Thinking and Reasoning 4 (3):231 – 248 (1998)

Abstract
Reasoning may be defined as a deliberate effort to coordinate inferences so as to reach justifiable conclusions. Thus defined, reasoning includes collaborative as well as individual forms of cognitive action. The purpose of the present study was to demonstrate a circumstance in which collaborative reasoning is qualitatively superior to individual reasoning. The selection task, a well known logical hypothesis-testing problem, was presented to 143 college undergraduates-32 individuals and 20 groups of 5 or 6 interacting peers. The correct (falsification) response pattern was selected by only 9% of the individuals but by 75% of the groups. The superior performance of the groups was due to collaborative reasoning rather than to imitation or peer pressure. Groups typically co-constructed a structure of arguments qualitatively more sophisticated than that generated by most individuals. The results support Piagetian and Habermasian views of peer interaction as a locus of rational social processes.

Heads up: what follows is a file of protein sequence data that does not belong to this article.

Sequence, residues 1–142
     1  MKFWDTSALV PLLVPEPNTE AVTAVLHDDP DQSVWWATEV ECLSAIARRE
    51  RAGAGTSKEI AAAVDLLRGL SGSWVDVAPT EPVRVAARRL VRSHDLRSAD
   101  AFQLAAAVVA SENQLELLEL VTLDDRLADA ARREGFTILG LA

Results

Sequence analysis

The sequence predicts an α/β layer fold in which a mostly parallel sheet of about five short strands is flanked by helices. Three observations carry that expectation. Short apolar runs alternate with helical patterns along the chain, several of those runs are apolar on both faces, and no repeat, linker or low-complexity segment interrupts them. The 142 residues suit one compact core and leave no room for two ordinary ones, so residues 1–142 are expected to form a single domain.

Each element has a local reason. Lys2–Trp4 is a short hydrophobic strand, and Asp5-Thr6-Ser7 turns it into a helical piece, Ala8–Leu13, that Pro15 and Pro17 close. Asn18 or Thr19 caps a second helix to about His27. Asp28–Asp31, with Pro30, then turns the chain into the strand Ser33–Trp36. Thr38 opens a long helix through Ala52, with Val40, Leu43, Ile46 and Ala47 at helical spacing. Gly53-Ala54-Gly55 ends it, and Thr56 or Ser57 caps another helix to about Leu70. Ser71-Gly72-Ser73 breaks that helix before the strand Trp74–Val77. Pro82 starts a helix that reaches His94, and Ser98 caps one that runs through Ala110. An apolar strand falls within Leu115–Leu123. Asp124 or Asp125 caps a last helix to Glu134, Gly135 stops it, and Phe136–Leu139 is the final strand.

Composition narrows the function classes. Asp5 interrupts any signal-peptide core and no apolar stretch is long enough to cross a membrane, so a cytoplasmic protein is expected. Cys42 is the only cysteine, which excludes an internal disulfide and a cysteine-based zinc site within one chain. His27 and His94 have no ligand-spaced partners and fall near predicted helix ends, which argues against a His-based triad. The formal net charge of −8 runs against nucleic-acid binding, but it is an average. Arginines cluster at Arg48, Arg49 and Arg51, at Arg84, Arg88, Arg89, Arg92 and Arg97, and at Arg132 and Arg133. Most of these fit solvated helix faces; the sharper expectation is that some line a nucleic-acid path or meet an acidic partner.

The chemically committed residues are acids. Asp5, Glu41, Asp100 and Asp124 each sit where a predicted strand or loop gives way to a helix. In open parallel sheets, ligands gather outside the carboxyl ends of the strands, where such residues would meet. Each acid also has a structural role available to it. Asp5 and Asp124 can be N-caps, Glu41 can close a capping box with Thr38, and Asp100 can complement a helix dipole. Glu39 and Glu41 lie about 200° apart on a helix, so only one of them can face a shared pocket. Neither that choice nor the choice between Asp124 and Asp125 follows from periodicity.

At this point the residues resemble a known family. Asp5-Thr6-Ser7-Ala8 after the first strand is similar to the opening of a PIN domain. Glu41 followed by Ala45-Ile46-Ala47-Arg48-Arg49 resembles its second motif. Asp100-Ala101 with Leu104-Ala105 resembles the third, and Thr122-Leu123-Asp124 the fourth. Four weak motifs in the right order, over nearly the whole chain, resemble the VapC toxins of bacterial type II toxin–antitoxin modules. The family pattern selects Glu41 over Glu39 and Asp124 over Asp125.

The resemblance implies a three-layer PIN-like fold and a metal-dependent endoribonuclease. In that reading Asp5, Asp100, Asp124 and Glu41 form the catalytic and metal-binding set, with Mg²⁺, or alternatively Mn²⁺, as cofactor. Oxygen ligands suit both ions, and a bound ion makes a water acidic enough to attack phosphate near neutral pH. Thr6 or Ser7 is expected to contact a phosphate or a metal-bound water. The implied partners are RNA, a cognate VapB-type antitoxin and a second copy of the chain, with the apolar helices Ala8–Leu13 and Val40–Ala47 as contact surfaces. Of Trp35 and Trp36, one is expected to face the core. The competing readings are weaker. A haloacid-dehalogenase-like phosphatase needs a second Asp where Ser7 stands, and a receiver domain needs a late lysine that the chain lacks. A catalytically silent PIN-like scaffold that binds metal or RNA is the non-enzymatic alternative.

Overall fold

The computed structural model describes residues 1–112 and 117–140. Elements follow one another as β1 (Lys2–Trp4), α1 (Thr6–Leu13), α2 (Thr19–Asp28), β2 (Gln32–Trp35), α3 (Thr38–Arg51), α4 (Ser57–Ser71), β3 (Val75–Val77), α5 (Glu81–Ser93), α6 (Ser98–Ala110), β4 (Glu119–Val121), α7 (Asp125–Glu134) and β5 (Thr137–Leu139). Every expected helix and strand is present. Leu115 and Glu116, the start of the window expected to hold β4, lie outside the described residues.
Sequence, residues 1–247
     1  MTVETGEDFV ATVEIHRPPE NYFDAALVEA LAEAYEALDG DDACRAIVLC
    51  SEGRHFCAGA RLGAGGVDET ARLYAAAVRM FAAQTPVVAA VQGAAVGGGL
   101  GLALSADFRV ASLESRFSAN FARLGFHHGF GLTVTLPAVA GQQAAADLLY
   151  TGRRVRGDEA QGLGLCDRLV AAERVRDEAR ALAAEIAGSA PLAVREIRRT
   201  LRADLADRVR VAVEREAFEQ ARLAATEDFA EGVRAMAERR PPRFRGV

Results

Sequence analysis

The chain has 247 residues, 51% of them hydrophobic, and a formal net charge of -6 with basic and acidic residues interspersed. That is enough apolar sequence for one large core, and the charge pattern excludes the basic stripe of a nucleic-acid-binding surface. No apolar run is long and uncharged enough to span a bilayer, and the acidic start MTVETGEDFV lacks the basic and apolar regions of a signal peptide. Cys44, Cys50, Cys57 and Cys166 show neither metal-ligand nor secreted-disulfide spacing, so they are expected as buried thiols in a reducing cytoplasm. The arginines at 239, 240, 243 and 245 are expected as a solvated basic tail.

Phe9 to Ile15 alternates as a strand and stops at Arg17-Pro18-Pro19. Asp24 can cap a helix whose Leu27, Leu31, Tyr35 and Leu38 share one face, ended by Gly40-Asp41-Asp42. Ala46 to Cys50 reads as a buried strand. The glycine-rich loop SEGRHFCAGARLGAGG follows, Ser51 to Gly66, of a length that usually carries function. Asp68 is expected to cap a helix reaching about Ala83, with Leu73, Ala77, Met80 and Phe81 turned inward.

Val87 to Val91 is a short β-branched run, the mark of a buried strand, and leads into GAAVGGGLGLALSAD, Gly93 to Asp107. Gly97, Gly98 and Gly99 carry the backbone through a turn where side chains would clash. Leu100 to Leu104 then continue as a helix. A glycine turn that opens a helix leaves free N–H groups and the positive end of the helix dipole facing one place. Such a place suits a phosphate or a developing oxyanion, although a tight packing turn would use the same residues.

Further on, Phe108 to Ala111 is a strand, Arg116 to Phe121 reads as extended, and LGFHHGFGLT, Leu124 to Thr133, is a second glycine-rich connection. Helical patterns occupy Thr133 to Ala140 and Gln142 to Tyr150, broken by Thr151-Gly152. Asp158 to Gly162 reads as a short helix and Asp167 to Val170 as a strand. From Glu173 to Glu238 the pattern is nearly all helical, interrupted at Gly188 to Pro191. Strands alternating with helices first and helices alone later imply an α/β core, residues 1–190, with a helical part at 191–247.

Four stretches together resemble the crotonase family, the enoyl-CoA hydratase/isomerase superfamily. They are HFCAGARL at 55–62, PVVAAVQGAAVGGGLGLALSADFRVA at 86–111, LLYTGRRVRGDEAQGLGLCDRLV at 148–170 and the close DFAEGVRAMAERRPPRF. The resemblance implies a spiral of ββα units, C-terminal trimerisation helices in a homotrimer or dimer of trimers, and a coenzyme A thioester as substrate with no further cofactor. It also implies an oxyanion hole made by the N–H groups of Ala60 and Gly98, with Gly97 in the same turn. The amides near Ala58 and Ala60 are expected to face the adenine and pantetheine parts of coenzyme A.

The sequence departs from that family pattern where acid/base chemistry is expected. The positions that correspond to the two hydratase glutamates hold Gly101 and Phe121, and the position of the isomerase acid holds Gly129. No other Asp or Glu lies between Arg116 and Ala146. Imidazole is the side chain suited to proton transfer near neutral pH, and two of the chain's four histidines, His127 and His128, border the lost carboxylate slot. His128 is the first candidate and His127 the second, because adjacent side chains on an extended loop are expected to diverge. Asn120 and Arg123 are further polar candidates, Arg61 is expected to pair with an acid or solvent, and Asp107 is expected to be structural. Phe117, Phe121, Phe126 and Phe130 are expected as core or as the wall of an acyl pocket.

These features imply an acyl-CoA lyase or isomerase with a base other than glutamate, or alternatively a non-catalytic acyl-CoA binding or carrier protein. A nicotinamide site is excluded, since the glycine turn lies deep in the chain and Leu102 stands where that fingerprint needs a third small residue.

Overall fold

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DOI 10.1080/135467898394148
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References found in this work BETA

Moral Consciousness and Communicative Action.David M. Rasmussen - 1993 - Philosophical Quarterly 43 (173):571.
The Moral Judgement of the Child.Jean Piaget - 1933 - Philosophy 8 (31):373-374.
Reasoning.Peter C. Wason - 1966 - In B. Foss (ed.), New Horizons in Psychology. Harmondsworth: Penguin Books. pp. 135-151.

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Citations of this work BETA

Why Do Humans Reason? Arguments for an Argumentative Theory.Dan Sperber - 2011 - Behavioral and Brain Sciences 34 (2):57.
Rational Endorsement.Will Fleisher - 2018 - Philosophical Studies 175 (10):2649-2675.
Endorsement and Assertion.Will Fleisher - forthcoming - Noûs:1-22.

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